Unto Others: The Evolution and Psychology of Unselfish Behavior by Elliott SoberUnto Others: The Evolution and Psychology of Unselfish Behavior by Elliott Sober

Unto Others: The Evolution and Psychology of Unselfish Behavior

byElliott Sober, David Sloan Wilson

Paperback | October 15, 1999

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No matter what we do, however kind or generous our deeds may seem, a hidden motive of selfishness lurks--or so science has claimed for years. This book, whose publication promises to be a major scientific event, tells us differently. In Unto Others philosopher Elliott Sober and biologist David Sloan Wilson demonstrate once and for all that unselfish behavior is in fact an important feature of both biological and human nature. Their book provides a panoramic view of altruism throughout the animal kingdom--from self-sacrificing parasites to insects that subsume themselves in the superorganism of a colony to the human capacity for selflessness--even as it explains the evolutionary sense of such behavior.

Explaining how altruistic behavior can evolve by natural selection, this book finally gives credence to the idea of group selection that was originally proposed by Darwin but denounced as heretical in the 1960s. With their account of this controversy, Sober and Wilson offer a detailed case study of scientific change as well as an indisputable argument for group selection as a legitimate theory in evolutionary biology.

Unto Others also takes a novel evolutionary approach in explaining the ultimate psychological motives behind unselfish human behavior. Developing a theory of the proximate mechanisms that most likely evolved to motivate adaptive helping behavior, Sober and Wilson show how people and perhaps other species evolved the capacity to care for others as a goal in itself.

A truly interdisciplinary work that blends biology, philosophy, psychology, and anthropology, this book will permanently change not just our view of selfless behavior but also our understanding of many issues in evolutionary biology and the social sciences.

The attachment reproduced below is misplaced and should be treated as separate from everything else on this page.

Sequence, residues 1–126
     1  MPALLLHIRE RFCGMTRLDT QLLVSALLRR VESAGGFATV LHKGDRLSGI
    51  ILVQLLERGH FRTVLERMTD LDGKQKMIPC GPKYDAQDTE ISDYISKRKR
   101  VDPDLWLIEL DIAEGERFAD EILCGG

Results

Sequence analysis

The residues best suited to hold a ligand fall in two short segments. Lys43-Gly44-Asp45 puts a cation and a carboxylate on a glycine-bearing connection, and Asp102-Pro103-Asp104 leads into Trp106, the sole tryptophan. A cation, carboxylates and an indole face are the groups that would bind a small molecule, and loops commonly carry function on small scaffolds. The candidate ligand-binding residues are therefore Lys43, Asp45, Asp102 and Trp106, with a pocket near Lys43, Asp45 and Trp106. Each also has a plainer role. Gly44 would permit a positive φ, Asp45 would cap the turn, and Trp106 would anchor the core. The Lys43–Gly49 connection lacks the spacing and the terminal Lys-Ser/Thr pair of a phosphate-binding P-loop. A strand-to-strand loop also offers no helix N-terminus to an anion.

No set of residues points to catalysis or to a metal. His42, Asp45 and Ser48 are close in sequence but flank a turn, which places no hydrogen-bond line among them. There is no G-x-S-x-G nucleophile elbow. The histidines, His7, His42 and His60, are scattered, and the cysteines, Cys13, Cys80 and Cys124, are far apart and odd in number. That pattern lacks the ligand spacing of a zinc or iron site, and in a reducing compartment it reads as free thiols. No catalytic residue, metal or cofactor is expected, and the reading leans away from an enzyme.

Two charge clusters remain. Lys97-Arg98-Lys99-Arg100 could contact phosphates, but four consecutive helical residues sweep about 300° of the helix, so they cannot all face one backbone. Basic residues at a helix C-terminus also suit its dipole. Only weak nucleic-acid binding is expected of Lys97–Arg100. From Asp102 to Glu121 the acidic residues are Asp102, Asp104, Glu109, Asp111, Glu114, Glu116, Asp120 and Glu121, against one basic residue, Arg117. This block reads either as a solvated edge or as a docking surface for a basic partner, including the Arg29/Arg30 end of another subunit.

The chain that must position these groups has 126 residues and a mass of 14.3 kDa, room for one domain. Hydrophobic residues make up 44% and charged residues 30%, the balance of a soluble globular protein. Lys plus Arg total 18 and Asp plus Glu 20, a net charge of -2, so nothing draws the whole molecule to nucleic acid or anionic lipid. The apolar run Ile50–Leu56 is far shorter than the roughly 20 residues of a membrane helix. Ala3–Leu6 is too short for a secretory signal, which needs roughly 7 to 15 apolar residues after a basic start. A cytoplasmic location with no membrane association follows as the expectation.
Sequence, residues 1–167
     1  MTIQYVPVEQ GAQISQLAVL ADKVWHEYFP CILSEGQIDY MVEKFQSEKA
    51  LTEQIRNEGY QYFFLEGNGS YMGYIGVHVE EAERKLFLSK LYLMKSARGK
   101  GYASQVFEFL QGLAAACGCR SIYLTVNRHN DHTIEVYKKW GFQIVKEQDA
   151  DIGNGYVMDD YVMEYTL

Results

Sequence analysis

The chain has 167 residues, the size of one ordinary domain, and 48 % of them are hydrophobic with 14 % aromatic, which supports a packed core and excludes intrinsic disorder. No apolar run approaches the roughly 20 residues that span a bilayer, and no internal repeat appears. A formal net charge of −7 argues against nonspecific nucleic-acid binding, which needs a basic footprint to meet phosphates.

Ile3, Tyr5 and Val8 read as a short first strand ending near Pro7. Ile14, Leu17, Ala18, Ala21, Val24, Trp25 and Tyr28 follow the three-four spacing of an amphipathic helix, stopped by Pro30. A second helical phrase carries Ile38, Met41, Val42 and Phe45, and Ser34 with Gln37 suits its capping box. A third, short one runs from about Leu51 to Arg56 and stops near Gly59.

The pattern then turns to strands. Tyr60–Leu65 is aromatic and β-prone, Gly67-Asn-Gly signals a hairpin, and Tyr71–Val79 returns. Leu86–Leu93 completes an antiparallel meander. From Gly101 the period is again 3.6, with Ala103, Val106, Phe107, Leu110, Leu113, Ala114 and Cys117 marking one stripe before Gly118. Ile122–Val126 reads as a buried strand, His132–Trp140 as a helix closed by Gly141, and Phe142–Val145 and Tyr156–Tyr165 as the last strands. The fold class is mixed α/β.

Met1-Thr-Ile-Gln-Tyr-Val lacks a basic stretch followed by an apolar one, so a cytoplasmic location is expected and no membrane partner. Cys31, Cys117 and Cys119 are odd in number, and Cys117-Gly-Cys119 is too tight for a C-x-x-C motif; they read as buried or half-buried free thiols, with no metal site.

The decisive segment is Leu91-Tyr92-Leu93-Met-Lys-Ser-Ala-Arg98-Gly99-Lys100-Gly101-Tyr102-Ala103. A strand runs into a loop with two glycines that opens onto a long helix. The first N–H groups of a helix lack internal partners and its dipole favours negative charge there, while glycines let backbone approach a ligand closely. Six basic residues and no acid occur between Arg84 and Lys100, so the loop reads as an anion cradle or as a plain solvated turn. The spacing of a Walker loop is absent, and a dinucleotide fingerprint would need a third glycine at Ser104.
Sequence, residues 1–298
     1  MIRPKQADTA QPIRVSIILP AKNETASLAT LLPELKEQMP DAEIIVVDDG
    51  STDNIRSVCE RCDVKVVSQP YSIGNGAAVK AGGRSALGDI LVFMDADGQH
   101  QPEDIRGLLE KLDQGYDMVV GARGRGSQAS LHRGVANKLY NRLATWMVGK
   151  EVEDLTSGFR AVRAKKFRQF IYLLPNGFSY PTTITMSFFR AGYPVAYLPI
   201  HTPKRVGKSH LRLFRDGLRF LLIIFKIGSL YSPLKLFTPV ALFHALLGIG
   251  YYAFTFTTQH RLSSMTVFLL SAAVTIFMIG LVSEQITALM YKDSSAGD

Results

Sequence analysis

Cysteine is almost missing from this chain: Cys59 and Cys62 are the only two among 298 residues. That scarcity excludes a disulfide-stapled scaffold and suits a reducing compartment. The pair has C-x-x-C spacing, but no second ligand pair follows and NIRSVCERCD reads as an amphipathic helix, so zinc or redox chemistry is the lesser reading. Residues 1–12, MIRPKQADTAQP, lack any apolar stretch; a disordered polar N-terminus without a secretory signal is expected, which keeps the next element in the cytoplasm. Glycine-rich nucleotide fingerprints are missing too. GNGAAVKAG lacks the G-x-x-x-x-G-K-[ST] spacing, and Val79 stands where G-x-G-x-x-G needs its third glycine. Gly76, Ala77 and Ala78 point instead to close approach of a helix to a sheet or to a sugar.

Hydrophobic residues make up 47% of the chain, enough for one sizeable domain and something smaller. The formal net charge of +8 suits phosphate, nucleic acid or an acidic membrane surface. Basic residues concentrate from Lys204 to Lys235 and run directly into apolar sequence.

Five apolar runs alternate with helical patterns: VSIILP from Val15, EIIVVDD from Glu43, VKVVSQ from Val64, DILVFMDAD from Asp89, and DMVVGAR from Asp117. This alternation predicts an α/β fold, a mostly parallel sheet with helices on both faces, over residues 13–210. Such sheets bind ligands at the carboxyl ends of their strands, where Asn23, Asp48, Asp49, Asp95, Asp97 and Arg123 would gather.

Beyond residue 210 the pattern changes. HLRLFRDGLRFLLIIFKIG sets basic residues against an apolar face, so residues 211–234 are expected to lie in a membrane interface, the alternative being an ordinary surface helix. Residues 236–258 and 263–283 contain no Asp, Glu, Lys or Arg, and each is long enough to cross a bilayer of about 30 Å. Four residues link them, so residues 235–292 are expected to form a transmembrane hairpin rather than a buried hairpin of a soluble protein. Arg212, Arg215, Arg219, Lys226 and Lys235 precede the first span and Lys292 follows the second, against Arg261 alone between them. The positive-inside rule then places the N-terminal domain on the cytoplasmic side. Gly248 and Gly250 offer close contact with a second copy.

Elliott Sober is Vilas Research Professor and Hans Reichenbach Professor of Philosophy at the University of Wisconsin, Madison.
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Title:Unto Others: The Evolution and Psychology of Unselfish BehaviorFormat:PaperbackDimensions:416 pages, 9.25 × 6.13 × 0 inPublished:October 15, 1999Publisher:HarvardLanguage:English

The following ISBNs are associated with this title:

ISBN - 10:0674930479

ISBN - 13:9780674930476

Reviews

Table of Contents

Introduction: Bentham's Corpse

Evolutionary Altruism

Altruism as a Biological Concept

A Unified Theory of Evolutionary Altruism

Adaptation and Multilevel Selection

Group Selection and Human Behavior

Human Groups as Adaptive Units

Psychological Altruism

Motives as Proximate Mechanisms

Three Theories of Motivation

Psychological Evidence

Philosophical Arguments

The Evolution of Psychological Altruism

Conclusion: Pluralism

Notes

References

Index

From Our Editors

This important book shows us that unselfish behaviour is actually a feature of biological and human nature. Unto Others looks at altruism in the animal kingdom. We learn about parasites that sacrifice themselves, insects that become part of a colony and even humans who perform selfless acts. This fascinating book explains the evolutionary view on these practices.

Editorial Reviews

Unto Others, written by two eminent scholars, a philosopher (Elliott Sober) and a biologist (David Wilson) who have thought long and hard about unselfish cooperative behavior and group selection, is bound to have a long-lasting and strong influence on the field of evolutionary biology...In this book, philosophical and biological discourse are tightly woven together into an easy-to-read package. The major appeal of this book to those interested in he comparative and evolutionary study of behavior centers on the broad range of material that Sober and Wilson consider in arguing for group selection...All in all, Unto Others is a good read...I'm sure all readers will come away from this stimulating book having learned a lot and having had their own views challenged by this thoughtful and very timely essay.